Peace of Mind: The Prompt Reporting of an Insurance Claim

By Michael Krasner and Anthony Colavita

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NOVEMEBR 2006 - The Roslyn School District was considered for many years to be one of the best in the nation. The residents of this Long Island suburb supported the district and its superintendent with a $70 million annual budget. In 2002, it was discovered that an administrator employed by the district had embezzled $250,000. Rather than disclosing the theft to the authorities and the loss to its insurers, the school board handled the problem internally. This unfortunate decision was based on several factors: The rogue administrator promised to replace the embezzled funds and quietly retire; the district’s long-time auditor, an accounting firm that provided auditing services to several New York State school districts, confirmed that the loss was limited to $250,000; and a special counsel retained by the superintendent concluded that the school board had no legal duty to report the loss to the authorities. It seemed that the overriding concern was with the embarrassment and the damage to the school district’s reputation that could have resulted from the disclosure.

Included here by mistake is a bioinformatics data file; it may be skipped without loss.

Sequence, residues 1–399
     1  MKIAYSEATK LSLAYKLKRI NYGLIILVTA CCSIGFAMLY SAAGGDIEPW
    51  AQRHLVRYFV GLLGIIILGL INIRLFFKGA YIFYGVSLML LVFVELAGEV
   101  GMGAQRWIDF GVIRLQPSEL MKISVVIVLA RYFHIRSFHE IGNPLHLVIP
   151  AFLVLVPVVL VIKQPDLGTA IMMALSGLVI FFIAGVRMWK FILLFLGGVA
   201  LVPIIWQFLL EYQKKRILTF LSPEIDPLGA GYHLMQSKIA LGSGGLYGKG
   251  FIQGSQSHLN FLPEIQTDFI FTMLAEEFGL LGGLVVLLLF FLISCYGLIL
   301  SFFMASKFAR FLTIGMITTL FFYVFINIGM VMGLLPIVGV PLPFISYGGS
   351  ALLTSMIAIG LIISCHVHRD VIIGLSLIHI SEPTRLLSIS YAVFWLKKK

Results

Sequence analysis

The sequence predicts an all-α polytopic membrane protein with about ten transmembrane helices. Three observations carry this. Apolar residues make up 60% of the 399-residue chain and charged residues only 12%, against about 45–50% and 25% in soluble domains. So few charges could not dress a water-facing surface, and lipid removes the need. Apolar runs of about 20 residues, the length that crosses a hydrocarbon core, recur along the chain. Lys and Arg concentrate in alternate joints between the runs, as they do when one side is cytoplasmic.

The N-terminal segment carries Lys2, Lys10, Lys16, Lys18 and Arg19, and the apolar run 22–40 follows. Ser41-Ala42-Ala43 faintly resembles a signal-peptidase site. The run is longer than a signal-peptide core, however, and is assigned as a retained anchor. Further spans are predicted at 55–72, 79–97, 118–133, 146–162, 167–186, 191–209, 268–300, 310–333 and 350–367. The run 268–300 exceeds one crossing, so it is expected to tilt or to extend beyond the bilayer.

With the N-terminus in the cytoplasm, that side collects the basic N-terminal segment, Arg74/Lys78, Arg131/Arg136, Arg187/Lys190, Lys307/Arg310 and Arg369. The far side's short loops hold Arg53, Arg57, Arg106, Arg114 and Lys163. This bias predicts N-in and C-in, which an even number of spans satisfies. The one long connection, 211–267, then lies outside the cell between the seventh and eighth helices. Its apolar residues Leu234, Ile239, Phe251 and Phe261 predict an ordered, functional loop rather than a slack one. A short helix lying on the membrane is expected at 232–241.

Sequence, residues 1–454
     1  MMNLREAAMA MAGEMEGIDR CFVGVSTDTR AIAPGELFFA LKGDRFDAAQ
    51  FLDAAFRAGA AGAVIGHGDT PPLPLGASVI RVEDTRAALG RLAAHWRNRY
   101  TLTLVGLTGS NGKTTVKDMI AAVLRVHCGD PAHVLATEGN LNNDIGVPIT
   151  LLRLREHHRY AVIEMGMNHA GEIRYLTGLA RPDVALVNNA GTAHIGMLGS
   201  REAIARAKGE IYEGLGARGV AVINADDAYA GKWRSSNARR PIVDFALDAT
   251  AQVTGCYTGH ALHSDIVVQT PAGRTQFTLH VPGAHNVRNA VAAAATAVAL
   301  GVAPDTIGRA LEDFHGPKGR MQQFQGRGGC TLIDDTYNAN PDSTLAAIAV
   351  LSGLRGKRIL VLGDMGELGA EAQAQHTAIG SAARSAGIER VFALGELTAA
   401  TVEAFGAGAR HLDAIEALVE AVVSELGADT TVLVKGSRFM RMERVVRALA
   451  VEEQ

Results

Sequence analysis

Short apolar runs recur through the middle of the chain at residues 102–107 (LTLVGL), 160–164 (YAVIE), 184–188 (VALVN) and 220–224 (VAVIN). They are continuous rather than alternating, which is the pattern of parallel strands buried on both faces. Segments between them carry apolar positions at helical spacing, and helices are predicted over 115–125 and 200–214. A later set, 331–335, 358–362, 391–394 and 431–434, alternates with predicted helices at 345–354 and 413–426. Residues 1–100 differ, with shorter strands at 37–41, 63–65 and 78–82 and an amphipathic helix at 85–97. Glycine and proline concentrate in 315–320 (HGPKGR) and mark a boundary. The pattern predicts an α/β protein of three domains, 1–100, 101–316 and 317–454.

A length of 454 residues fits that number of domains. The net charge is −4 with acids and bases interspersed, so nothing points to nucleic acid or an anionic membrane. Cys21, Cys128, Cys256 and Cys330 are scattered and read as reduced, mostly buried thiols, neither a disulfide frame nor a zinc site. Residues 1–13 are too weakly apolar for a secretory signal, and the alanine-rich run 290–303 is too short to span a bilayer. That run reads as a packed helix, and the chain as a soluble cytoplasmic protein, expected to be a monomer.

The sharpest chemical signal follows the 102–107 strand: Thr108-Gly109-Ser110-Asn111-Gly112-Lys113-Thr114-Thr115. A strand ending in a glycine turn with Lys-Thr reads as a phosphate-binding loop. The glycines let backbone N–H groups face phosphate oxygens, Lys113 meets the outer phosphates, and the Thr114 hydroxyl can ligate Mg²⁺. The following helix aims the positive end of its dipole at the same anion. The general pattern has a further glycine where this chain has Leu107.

In 2004, the Nassau County District Attorney learned of the embezzlement and opened an investigation, supplemented with an investigation by the New York State Controller. When the superintendent learned of these investigations, he convinced the school district’s outside accountant to change data in the district’s computer system and then provide false documents to the investigators.

Three years often the school board’s decision not to report the embezzlement, the administrator, the superintendent, and the accountant have pled guilty to various crimes, and other district employees have been implicated in a widespread larceny and cover-up that has exceeded $11 million. The board’s decision not to disclose the loss in 2002 has also compromised the district’s ability to collect from its insurance companies; several insurers have denied coverage for the loss because they were not promptly notified of the loss. Meanwhile, a new school board has sued the former board members as well as the district’s former attorneys and auditors. [See “Failure to File Timely Insurance Claim May Cost Plundered School System Millions, by alison Cowan, New York Times, December 5, 2005].